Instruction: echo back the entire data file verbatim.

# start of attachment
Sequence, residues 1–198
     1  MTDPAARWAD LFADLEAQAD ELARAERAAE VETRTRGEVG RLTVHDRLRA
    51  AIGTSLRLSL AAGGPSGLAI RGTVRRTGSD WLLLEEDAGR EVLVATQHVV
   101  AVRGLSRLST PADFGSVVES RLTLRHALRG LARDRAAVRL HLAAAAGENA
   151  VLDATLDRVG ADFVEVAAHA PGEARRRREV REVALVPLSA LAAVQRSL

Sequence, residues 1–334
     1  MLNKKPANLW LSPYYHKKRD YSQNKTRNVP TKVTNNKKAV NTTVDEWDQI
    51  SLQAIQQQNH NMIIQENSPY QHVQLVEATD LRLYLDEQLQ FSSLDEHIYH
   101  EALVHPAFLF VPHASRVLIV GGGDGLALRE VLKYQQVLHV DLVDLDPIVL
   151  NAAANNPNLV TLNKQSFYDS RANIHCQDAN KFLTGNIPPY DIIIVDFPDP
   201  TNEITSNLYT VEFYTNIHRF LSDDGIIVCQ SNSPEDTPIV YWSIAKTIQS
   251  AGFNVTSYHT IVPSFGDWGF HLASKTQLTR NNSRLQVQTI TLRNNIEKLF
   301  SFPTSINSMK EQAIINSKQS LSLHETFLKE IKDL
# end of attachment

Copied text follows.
Sequence, residues 1–198
     1  MTDPAARWAD LFADLEAQAD ELARAERAAE VETRTRGEVG RLTVHDRLRA
    51  AIGTSLRLSL AAGGPSGLAI RGTVRRTGSD WLLLEEDAGR EVLVATQHVV
   101  AVRGLSRLST PADFGSVVES RLTLRHALRG LARDRAAVRL HLAAAAGENA
   151  VLDATLDRVG ADFVEVAAHA PGEARRRREV REVALVPLSA LAAVQRSL

Sequence, residues 1–334
     1  MLNKKPANLW LSPYYHKKRD YSQNKTRNVP TKVTNNKKAV NTTVDEWDQI
    51  SLQAIQQQNH NMIIQENSPY QHVQLVEATD LRLYLDEQLQ FSSLDEHIYH
   101  EALVHPAFLF VPHASRVLIV GGGDGLALRE VLKYQQVLHV DLVDLDPIVL
   151  NAAANNPNLV TLNKQSFYDS RANIHCQDAN KFLTGNIPPY DIIIVDFPDP
   201  TNEITSNLYT VEFYTNIHRF LSDDGIIVCQ SNSPEDTPIV YWSIAKTIQS
   251  AGFNVTSYHT IVPSFGDWGF HLASKTQLTR NNSRLQVQTI TLRNNIEKLF
   301  SFPTSINSMK EQAIINSKQS LSLHETFLKE IKDL